I am reading this book: "Flight Stability and Automatic Control", second edition, Dr. Robert C. Nelson. In the chapter 2, page 42, the author wrote: Note that the vehicle can be statically ...
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6answers
174 views

Is the elevator really an 'angle of attack control' as described in Stick and Rudder?

I've been reading Wolfgang Langewiesche's book Stick and Rudder and am a little confused about the definition of the elevator as the "Angle of Attack Control" or rather, the idea that each ...
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4answers
167 views

Is the turning motion of a banked airplane caused by true centripetal force?

Virtually every explanation I have read of the aerodynamics of a turning airplane ascribe the turning motion simply to centripetal force, without further comment. I'm hoping someone can check my ...
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2answers
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Why is airflow forced to be speed up on the upper surface of an aerofoil? [duplicate]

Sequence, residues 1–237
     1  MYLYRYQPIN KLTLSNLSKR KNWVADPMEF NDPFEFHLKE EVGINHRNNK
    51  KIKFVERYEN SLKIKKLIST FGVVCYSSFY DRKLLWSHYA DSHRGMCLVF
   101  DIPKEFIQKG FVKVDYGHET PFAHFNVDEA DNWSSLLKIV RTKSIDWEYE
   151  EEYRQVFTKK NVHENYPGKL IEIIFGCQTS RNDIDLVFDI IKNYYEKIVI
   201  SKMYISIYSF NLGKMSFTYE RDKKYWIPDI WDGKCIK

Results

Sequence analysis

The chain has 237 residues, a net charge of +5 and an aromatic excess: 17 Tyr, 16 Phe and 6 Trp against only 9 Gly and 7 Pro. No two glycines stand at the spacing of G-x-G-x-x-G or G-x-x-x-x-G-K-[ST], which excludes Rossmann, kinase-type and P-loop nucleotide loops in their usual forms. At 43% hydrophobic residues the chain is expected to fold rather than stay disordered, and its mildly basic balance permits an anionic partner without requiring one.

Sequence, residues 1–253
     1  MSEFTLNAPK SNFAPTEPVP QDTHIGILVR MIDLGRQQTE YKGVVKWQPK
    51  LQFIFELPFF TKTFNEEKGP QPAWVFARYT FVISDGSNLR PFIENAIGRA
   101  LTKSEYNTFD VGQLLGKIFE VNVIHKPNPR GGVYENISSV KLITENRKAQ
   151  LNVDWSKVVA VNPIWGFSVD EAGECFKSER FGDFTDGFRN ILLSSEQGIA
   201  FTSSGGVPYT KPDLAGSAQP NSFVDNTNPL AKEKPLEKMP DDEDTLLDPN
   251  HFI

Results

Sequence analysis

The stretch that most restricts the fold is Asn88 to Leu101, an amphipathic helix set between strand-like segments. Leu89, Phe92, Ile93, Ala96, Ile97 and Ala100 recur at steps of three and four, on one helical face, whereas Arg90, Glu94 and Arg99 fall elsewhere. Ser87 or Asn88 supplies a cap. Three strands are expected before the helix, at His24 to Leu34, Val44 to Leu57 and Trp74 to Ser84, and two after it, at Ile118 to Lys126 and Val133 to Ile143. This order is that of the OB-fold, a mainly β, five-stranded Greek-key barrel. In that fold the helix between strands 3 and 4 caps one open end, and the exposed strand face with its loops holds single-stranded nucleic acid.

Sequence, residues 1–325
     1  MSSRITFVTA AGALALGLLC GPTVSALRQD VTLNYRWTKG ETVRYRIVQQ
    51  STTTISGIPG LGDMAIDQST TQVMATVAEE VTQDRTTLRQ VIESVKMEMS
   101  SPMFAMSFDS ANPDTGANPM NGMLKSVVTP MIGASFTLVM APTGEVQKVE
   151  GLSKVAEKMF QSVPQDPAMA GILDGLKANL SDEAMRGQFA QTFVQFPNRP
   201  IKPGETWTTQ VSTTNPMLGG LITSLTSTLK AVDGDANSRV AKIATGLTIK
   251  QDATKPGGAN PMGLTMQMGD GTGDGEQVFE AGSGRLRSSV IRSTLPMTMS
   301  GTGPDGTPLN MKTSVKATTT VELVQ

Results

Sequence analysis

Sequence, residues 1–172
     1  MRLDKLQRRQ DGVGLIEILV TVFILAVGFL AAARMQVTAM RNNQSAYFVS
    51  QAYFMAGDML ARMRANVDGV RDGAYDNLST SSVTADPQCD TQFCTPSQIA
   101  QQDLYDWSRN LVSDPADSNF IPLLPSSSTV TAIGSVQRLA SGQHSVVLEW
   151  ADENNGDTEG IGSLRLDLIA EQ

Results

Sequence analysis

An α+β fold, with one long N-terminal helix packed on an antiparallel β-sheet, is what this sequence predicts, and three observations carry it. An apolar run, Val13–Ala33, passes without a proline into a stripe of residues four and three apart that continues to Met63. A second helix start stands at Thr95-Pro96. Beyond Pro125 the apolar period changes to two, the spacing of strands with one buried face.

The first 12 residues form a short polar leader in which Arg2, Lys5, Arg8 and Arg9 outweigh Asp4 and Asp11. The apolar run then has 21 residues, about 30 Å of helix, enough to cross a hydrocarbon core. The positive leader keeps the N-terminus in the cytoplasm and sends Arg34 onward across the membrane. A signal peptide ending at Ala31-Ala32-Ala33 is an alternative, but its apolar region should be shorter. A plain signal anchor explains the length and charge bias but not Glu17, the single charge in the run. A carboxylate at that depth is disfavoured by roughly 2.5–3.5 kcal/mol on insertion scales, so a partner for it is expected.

As the title says: Why is airflow compelled to flow further over the upper surface of an aerofoil? I understand because it has a larger distance to travel, but why can't the airflow travel at the same ...
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6answers
442 views

Why can't you have sail-powered airplanes?

So, sailing boats take the kinetic energy of a crosswind and turn it into thrust by using their sails as lifting surfaces, and the discussion I had in the comment section of this question made me ...
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2answers
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What is the purpose of downthrust?

Many light general aviation aircraft-- and perhaps many other aircraft as well-- are designed with some of amount of downthrust in the engine mounting, relative to the centerline of the fuselage. ...
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3answers
150 views

Is “excess thrust” possible in a steady state vector diagram?

Being recently very much sold on the lift-weight-thrust closed triangle (with weight forming the hypotenuse) model for climbing flight, I proceeded to put the logic through its paces (validation) and ...